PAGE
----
The blockages in assertive communication are expressed in the behaviors of teachers and lead to under-motivating students, sub-realization, mistrust, stagnation or revolt: the ailment to listening to students, the attitude of superiority, the anchoring in traditional methods of working with students, the ease to forgive the colleagues who are attending courses less than others, extreme attitudes, passivity or aggression.
A third theme is represented by the ways in which assertive competence is expressed in its own behaviors, with three subtopics: the expression of positive and negative emotions, affirmation and defense of their own rights and self-esteem and the desire for affirmation. As for expressing emotions, we can observe some general notes.
The expression of positive feelings is, from the perspective of the participating students, specific to the value of close, intimate relationships. In positive relationships with others, the person expresses his politeness. They do not mention techniques for expressing positive feelings such as: smile and encouraging mimics, gratification, praise, verbal appreciation, compliment. It seems that students are aware of their need to get empathy and to experience positive relationships, but they do not know how to facilitate such an environment. There are also a number of differences in the reactions of participants in the three groups. Thus, the participants in the first workshop, students of the Faculty of Visual Arts, advocate expressing emotions anyway, whether positive or negative, and some of them question the expression of negative emotions in an assertive manner, even offering techniques that they use for staying away from aggression (awareness and self-control). Students from the Faculty of Musical Interpretation consider that expressing emotions, besides music, can make you vulnerable to others, and therefore tend to internalize them or to express them with caution. Moreover, they view this behavior as a virtue, considering that hiding the negative feelings make you stronger.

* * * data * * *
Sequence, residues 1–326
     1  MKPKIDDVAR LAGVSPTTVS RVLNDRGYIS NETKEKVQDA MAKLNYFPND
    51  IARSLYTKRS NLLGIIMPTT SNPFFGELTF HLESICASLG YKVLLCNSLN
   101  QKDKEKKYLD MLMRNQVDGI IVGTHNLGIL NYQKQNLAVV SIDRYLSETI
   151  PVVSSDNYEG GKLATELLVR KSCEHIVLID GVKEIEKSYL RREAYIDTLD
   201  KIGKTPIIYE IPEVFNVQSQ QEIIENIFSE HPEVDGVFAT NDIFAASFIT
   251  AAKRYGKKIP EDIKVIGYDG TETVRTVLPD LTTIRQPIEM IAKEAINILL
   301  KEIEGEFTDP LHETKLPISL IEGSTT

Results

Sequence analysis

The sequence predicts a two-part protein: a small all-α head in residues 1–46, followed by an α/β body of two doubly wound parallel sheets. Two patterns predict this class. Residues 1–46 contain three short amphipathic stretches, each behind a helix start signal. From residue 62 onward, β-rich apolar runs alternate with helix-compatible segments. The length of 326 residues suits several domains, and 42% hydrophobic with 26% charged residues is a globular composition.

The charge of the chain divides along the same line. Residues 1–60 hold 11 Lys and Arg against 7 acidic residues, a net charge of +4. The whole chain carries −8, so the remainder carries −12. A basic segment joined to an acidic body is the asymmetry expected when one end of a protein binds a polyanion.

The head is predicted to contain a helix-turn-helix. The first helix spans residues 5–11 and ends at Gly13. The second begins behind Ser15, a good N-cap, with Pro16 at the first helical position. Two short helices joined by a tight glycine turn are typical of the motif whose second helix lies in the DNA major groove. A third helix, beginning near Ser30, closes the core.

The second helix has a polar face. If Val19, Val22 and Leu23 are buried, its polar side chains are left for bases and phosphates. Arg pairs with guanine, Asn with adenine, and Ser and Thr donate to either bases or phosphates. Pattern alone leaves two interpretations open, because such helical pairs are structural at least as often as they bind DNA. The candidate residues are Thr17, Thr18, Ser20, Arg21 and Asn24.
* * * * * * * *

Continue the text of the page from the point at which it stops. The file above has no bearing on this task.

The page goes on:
Asserting their rights seems to be a great challenge. When their rights are violated, the participants in the first and third workshops describe a wide range of responses—passive, aggressive, assertive—but the workshop discussion managed to convince those who in the first phase tend to react aggressively that an assertive reaction is more productive, even if it is more difficult to put it into practice. The participants in the second workshop also recognize that they are rarely assertive, and the difficulties have different causes: self-protection, low self-esteem, passive or aggressive behavioral automatisms, or a lack of assertive behavior education.